Thursday, April 4, 2013

On the Spirit of the Liturgy

Defending the papacy of Benedict XVI vs. the New York Times (!), Randall B. Smith has written:

Like his predecessor before him, Benedict effectively carried on the authentic reforms of the Second Vatican Council, as opposed to the false “reforms” that so often led the Church astray in the post-conciliar period.  A cardinal archbishop told an audience recently that the liturgy was so abused in the early seventies when he was in seminary that the faithful seminarians would say about the ersatz masses being done by their elders: “Everything in them changes but the bread and wine.” Benedict, by contrast, did a great deal to help realize the original intentions of the liturgical reformers.  Given that the lex orandi (the law of praying) is intimately intertwined with the lex credendi (the law of believing)—which is another way of saying that what we pray is what we believe—reforming the liturgy has always been an absolutely essential way of helping re-form the Church (in the sense of renewing its essence) and helping to re-inform the faithful who are its “living stones.”

In my fourth chapter I discuss Benedict on "the original intention of the liturgical reformers," which substantiates Professor Smith's defense:

Cardinal Ratzinger, in his memoirs, recalled both joy at the promulgation of this now binding missal after a time of liturgical experimentation (1965-70) which had denigrated the Mass, and dismay at the complete prohibition of the 1962 Missal, an unprecedented event in the history of the liturgy. Recall that the Roman Missal had been reworked by Pius V in 1570 in response to the Reformation; subsequent papal reworkings (as in 1962) had been carried out without opposing the reworking to its predecessor in a “continual process of growth and purification in which continuity was never destroyed.” In her history, there had never been a prohibition of a previous edition of a missal that had been approved by the apostolic authority as valid — until Paul VI’s promulgation of “The Missal of 1970” as it came to be known. Now the forbidding of the organically grown 1962 missal began a discontinuity in the history of the liturgy that has proven tragic. The Cardinal’s assessment is telling:

….the old building was demolished, and another was built, to be sure largely using materials from the previous one and even using the old building plans. There is no doubt that this new missal in many respects brought with it a real improvement and en­richment; but setting it as a new construction over against what had grown historically, forbidding the results of this historical growth, thereby makes the liturgy appear to be no longer a living development but the product of erudite work and juridical authority; this has caused us enormous harm. For then the impression had to emerge that liturgy is some­thing "made", not something given in advance but something lying within our own power of decision. From this it also follows that we are not to recognize the scholars and the central authority alone as decision makers, but that in the end each and every "community" must provide itself with its own liturgy. When liturgy is self-made, however, then it can no longer give us what its proper gift should be: the encounter with the mystery that is not our own product but rather our origin and the source of our life. A renewal of liturgical awareness, a liturgical reconciliation that again rec­ognizes the unity of the history of the liturgy and that understands Vatican II, not as a breach, but as a stage of development: these things are urgently needed for the life of the Church. I am convinced that the crisis in the Church that we are experiencing today is to a large extent due to the disintegration of the liturgy, which at times has even come to be conceived of etsi Deus non daretur ( “as though there were no God”): in that it is a matter of indifference whether or not God exists and whether or not he speaks to us and hears us. But when the community of faith, the worldwide unity of the Church and her history, and the mystery of the living Christ are no longer visible in the liturgy, where else, then, is the Church to become visible in her spiritual essence? Then the community is celebrating only itself, an activity that is utterly fruitless. And, because the ecclesial community cannot have its origin from itself but emerges as a unity only from the Lord, through faith, such circumstances will inexorably result in a disintegration into sectarian parties of all kinds—partisan opposition within a Church tearing herself apart. This is why we need a new Liturgical Movement, which will call to life the real heritage of the Second Vatican Council[emphasis added].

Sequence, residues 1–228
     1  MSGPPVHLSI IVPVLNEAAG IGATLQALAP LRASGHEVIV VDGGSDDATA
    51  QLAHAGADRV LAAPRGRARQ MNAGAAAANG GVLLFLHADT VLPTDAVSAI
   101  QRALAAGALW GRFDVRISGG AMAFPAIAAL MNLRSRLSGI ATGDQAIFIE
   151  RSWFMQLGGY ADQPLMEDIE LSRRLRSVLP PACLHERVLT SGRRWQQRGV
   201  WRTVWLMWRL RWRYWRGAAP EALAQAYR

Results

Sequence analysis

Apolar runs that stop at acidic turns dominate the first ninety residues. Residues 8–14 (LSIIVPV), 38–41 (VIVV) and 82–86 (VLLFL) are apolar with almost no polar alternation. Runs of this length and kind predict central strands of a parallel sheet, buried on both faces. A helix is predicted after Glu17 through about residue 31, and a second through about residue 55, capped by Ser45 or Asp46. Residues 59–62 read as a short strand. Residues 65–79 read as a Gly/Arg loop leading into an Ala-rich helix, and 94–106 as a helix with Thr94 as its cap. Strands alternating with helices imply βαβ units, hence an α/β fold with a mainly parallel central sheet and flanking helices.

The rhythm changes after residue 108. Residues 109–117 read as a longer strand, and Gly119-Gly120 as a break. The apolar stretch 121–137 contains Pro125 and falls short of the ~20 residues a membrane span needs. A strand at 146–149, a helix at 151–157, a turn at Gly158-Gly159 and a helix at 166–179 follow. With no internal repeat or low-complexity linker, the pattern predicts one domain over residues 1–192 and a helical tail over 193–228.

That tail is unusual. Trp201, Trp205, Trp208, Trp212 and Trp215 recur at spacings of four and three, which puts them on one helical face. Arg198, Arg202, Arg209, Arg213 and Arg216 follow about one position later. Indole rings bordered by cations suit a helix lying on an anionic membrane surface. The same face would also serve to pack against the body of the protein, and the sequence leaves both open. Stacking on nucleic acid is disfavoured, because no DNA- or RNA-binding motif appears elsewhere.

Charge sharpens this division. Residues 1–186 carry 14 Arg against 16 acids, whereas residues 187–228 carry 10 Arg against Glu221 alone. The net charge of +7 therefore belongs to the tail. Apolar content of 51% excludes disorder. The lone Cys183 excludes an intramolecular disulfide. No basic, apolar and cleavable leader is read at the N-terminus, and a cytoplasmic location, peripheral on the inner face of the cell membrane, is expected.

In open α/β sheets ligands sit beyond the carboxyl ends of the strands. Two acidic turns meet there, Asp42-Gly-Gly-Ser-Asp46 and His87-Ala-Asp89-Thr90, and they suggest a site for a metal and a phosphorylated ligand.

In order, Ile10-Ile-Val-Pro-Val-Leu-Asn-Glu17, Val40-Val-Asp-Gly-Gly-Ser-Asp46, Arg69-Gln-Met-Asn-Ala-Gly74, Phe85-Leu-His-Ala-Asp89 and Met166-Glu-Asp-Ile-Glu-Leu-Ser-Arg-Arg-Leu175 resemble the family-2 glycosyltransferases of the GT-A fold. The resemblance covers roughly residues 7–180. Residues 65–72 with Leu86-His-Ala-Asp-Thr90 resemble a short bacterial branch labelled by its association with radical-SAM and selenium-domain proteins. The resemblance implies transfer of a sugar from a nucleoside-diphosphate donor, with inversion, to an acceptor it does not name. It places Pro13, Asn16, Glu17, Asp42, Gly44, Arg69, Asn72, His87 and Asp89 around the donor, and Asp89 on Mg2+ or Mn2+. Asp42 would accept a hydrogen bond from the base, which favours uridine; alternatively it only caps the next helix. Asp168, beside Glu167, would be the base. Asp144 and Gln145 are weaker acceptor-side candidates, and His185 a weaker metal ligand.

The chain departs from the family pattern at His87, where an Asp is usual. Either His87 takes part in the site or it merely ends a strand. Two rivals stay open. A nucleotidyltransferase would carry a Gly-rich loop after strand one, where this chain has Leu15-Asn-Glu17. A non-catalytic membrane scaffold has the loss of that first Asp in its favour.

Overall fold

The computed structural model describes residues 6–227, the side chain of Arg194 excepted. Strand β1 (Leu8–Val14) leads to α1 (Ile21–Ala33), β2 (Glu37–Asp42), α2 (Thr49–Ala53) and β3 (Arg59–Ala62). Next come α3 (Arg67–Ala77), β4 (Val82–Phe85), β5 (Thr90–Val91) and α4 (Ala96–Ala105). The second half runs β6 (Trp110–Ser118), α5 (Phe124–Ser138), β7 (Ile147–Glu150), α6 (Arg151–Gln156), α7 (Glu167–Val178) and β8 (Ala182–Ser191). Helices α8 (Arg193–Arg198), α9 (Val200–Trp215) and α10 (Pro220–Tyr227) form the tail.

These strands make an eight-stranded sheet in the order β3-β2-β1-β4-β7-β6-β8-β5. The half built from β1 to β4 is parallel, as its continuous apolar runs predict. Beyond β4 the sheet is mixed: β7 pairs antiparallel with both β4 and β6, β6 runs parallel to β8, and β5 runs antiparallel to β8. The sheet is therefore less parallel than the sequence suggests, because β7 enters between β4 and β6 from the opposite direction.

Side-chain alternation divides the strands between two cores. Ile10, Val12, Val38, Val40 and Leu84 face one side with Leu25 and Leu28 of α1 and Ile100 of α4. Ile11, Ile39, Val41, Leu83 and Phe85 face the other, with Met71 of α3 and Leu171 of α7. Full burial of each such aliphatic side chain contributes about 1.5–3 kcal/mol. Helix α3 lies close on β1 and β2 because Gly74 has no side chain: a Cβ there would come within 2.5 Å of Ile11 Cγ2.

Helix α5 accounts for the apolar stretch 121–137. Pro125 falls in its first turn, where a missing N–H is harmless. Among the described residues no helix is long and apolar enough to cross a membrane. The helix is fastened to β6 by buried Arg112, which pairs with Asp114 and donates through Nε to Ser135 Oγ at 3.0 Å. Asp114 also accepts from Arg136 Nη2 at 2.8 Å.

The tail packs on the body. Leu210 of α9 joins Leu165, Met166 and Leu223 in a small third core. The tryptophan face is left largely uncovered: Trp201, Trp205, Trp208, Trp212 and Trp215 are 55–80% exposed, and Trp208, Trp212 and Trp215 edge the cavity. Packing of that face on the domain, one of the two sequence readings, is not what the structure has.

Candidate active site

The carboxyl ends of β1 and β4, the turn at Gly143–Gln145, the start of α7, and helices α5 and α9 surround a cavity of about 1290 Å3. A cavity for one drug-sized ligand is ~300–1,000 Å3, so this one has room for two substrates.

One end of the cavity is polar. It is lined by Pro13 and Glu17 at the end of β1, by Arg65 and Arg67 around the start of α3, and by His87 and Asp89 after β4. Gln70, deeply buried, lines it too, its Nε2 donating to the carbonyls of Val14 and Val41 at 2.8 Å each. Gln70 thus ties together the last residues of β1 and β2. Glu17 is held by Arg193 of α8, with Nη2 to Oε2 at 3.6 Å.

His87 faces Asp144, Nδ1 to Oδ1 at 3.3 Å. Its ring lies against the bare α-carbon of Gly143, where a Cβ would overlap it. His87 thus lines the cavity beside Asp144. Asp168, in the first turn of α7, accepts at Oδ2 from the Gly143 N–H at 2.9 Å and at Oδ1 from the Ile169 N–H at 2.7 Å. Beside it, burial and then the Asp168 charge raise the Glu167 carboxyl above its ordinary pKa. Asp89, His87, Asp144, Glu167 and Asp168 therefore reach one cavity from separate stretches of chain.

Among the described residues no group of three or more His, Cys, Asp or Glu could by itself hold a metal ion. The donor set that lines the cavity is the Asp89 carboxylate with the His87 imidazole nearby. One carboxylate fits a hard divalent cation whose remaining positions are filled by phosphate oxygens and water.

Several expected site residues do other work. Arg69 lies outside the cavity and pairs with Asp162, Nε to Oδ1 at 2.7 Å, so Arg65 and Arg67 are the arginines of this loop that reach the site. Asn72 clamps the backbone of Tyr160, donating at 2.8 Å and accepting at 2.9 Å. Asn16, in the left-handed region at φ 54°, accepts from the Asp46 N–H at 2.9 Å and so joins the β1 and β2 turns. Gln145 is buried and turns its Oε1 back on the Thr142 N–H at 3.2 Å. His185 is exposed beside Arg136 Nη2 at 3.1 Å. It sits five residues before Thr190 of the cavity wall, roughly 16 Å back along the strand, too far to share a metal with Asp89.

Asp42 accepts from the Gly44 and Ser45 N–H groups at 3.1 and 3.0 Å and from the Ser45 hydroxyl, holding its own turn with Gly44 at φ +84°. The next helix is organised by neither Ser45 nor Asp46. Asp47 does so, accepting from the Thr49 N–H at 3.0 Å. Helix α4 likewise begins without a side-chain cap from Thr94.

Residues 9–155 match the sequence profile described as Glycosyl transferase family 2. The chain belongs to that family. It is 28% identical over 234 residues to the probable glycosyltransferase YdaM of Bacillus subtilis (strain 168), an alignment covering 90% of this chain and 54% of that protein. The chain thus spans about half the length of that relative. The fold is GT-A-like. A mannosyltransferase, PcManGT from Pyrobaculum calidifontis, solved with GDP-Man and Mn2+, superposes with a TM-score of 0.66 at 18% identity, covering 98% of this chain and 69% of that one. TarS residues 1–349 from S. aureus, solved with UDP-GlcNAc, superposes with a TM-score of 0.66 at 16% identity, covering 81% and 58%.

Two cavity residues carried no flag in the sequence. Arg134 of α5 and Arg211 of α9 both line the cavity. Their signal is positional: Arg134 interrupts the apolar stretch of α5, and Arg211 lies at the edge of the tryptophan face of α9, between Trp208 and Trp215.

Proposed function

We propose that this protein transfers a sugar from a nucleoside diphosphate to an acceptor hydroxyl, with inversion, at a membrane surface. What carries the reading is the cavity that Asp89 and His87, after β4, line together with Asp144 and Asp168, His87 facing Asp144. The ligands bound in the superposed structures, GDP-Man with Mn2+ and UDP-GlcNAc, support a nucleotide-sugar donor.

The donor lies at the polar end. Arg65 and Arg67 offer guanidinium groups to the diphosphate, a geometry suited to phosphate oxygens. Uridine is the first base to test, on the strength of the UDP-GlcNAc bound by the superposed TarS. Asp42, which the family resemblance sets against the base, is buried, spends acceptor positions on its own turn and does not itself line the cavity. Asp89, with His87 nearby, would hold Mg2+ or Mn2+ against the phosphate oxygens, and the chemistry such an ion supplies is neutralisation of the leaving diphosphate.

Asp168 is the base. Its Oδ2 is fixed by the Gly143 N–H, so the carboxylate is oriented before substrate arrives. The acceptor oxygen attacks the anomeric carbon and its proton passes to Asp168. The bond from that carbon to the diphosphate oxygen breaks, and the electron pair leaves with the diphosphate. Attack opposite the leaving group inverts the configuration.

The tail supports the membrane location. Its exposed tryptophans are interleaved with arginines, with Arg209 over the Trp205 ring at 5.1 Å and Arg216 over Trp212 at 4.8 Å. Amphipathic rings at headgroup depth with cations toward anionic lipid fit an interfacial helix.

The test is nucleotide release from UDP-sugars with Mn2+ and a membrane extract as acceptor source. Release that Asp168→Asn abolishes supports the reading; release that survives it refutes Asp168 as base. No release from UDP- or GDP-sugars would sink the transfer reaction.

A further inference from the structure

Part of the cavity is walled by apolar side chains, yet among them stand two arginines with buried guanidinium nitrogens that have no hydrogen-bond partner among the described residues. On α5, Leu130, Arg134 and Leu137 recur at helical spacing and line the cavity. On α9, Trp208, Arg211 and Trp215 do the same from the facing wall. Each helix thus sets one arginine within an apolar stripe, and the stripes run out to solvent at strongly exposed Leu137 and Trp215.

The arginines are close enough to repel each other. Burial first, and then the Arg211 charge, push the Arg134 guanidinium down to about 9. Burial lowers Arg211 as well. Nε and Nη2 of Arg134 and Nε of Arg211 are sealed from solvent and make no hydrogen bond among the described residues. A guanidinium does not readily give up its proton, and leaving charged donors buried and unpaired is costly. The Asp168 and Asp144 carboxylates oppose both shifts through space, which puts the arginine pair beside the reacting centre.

How could such a Pope do anything less than carry on "the authentic reforms of the Second Vatican Council, a self-proclaimed mission of this Pope and his predecessor?"